When Alan Rusbridger, editor of the deeply subversive Guardian, told that the paper had been visited by representatives of GCHQ, who had then supervised the destruction of two computer hard drives which had contained, among other items, the data from Edward Snowden, some thought he was venturing into the realm of fantasy. He was not. And the story is now out there.
This place is getting bypassed, folks
Yes, even the Mail has run with it, not surprisingly as even the legendarily foul mouthed Paul Dacre understands all too well the implications for his “freedom to edit” of the spooks rocking up at Northcliffe House with an angle grinder and an equally prejudicial attitude. And what makes this affair so much more serious is that it has been authorised by Government diktat.
The decision to have GCHQ give the Guardian the hard word was taken by Young Dave personally. And the instruction to Jeremy Heywood, the Cabinet Secretary, to have the deed done was also approved by Corporal Clegg and William ‘Ague. Whether Cameron was leaned on by the White House is unknown, but the implications for press freedom are in the category of the bleeding obvious.
But where the whole business requires a total suspension of disbelief is in the reasoning behind having the Guardian destroy the data. Quite apart from the mildly inconvenient fact that there are other copies of the Snowden files elsewhere – like, oh I dunno, an apartment in Rio de Janeiro for instance – the catch-all excuse that the data may fall into foreign hands is bunk.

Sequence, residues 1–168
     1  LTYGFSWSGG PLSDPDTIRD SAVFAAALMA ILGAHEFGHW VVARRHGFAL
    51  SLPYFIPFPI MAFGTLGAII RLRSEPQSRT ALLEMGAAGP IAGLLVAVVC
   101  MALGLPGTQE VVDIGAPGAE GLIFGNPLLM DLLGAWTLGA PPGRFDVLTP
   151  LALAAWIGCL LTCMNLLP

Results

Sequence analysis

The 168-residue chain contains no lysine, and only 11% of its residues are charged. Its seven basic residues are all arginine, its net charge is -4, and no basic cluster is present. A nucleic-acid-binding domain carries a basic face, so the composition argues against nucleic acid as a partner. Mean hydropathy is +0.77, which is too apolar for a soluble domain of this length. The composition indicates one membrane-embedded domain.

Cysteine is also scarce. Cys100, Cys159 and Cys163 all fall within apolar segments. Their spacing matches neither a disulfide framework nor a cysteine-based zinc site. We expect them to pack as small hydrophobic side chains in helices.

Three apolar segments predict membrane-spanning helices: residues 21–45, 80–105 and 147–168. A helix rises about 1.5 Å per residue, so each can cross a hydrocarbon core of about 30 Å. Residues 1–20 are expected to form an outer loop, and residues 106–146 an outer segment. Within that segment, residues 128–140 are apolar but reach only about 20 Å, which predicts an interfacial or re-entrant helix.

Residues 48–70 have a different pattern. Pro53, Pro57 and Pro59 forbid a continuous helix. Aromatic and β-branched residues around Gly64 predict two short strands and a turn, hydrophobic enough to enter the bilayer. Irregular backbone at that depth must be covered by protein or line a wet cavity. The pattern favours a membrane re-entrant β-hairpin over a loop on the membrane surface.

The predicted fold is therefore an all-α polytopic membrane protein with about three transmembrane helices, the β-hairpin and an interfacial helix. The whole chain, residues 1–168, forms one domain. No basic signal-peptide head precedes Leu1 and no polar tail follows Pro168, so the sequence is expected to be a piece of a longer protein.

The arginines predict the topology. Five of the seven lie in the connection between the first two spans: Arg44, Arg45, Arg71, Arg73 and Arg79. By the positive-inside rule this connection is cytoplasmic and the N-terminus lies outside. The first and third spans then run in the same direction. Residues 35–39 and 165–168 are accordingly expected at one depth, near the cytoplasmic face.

We are told that there was a fear that the Guardian’s website might be hacked. At first this sounds plausible. But would accessing that site also give access to the two hard drives? No it wouldn’t. To get hold of the data, a hacker would have to access the machines in which the disks were installed, and would then have to hope that any encryption could be overcome. So that’s a false excuse, then.
And aren’t we forgetting something here? How did the Guardian obtain the information in the first place? That happened when it was copied from whichever US Government system was hosting it. And, who knows, there might be another Edward Snowden out there somewhere. So anyone representing Government telling the Guardian that they don’t really know how to keep data secure is coming it.
Worse, the number of supposed libertarians, and hacks, excusing the Government’s action because it’s the Guardian is stupidity of the most worrying kind. Tabloids may not be interested in anything that isn’t Sport’n’Slebs, but the rest of the press, and broadcast media, is equally at risk from this new variation on The Knock On The Door. We’re talking expediency here, not high principles.
“Do as we say, not as we do, and we know best”? I think not.